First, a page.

Highly desirable objects of technological genius! (this article is NOT about the new iPhone 5, sorry)
These days it seems like there’s another new gadget every other week, whether it’s a phone, handheld device, tablet computer, laptop or some other hi-tech innovation. We’ve certainly come a long way from the days when everyone was getting the latest pocket calculator, marveling at the technology of these machines when they came into the mainstream back in the seventies. This time at Dark Roasted Blend, we take a look at some calculators from years gone by.
We already wrote at length about beautiful and intricate Curta calculators, but here is something even more impressive - made back in 1788:
(image credit: Florian, all rights reserved)
(images via "History of Computers")
The calculating machines of Johann Helfrich Müller look more like Victorian Time Machines than calculators!
Johann Helfrich von Müller (January 16, 1746 – 1830) "was an engineer in the Hessian army who conceived the Difference Engine in 1786". He has also designed - among other things - a large and powerful burning mirror, a sun clock, an air pump, an air gun, a barometer, a range finder device, etc. Read his biography here.
Such a marvelously detailed, delicate and rare device! Read more about the machine and how it worked here:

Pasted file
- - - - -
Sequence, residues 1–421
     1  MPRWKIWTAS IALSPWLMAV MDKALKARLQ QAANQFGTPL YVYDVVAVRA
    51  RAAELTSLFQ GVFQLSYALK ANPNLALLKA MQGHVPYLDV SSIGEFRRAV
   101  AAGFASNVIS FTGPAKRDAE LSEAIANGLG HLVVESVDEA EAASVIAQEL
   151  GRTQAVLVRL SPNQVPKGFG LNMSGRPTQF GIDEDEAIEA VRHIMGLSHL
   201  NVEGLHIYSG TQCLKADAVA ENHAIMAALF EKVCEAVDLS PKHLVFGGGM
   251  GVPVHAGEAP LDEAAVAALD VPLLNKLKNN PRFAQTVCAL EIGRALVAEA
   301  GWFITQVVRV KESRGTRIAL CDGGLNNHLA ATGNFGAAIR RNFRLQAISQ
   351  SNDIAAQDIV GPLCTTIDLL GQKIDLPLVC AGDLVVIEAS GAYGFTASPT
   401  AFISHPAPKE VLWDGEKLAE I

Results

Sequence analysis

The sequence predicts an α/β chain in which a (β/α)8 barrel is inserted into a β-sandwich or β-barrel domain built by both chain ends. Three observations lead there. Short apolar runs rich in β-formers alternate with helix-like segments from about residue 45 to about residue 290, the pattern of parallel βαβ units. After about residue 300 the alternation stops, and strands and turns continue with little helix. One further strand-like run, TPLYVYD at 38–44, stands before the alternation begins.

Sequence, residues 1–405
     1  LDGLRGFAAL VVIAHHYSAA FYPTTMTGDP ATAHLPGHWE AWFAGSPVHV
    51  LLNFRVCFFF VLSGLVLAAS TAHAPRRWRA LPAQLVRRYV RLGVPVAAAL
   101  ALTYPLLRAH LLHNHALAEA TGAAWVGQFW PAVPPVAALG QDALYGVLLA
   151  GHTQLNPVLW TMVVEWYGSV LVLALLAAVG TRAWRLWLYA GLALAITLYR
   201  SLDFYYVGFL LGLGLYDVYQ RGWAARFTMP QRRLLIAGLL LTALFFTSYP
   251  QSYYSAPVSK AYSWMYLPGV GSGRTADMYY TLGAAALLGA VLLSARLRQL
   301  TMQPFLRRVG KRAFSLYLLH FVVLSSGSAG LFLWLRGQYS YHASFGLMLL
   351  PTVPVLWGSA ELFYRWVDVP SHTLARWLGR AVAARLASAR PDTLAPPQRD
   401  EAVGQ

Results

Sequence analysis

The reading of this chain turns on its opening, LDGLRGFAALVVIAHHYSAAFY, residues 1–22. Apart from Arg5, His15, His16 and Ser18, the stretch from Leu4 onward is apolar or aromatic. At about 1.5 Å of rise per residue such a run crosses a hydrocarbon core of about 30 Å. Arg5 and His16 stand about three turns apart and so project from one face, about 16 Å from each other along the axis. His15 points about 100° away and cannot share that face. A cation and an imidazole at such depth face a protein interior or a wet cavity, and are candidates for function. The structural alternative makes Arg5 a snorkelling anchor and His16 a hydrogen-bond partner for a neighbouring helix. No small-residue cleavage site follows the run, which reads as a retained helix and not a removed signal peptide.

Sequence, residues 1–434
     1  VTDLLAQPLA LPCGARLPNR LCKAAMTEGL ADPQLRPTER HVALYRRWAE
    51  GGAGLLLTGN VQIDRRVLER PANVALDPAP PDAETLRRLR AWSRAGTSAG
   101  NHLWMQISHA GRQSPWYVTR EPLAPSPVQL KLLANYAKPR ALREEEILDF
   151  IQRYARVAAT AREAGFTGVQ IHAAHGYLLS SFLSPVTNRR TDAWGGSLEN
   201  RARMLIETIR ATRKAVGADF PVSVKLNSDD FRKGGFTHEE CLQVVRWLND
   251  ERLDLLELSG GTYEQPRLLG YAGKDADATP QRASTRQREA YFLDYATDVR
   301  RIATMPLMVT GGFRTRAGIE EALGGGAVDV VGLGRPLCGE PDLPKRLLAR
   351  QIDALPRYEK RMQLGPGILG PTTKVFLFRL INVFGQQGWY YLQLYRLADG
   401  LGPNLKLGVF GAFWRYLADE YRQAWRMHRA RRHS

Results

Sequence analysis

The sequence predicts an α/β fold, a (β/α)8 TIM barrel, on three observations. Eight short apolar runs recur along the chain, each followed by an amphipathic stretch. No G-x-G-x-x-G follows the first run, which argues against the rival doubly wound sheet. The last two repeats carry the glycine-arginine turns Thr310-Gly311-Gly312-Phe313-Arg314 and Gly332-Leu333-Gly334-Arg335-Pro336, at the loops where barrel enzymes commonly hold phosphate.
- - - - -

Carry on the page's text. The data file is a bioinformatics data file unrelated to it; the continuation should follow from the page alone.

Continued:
The right image above shows a t-shirt you can order to advertise your love of vintage calculating machines, order it here.
This Soviet calculator was made by Electronika. Models similar to these were apparently the sole brand of calculators sold and used throughout the country back then (left). The Elka 103 Bulgarian calculator dates from the seventies (right):
Machines such as this full keyboard model made by Burroughs were seen in many offices and other commercial premises, until eventually replaced by electronic printing calculators in the 1970s. This one was designed for calculations in the UK’s pre-decimal sterling currency:
Here are some programmable desktop calculators, the Canon Canola 1614P (top left), the Compucorp 425G (top right), the Casio model 121-E desk calculator made in 1973 (bottom left), and the Rockwell 940 machine which was commonplace in the seventies too (bottom right):
Your own portable math expert, the Little Professor quizzing calculator was first seen in 1976 (left). On a similar theme, here’s the WIZ-A-TRON electronic teaching calculator from around the same time (right):
This boy from 1860 sells the abacus "calculators" (remember these?) in St. Petersburg. Soon electronic calculators, together with the abacus and other vintage adding device, will join a collectible (and pretty much extinct) niche of obsolete technology, so it is a good idea to hang on to a few still surviving examples -
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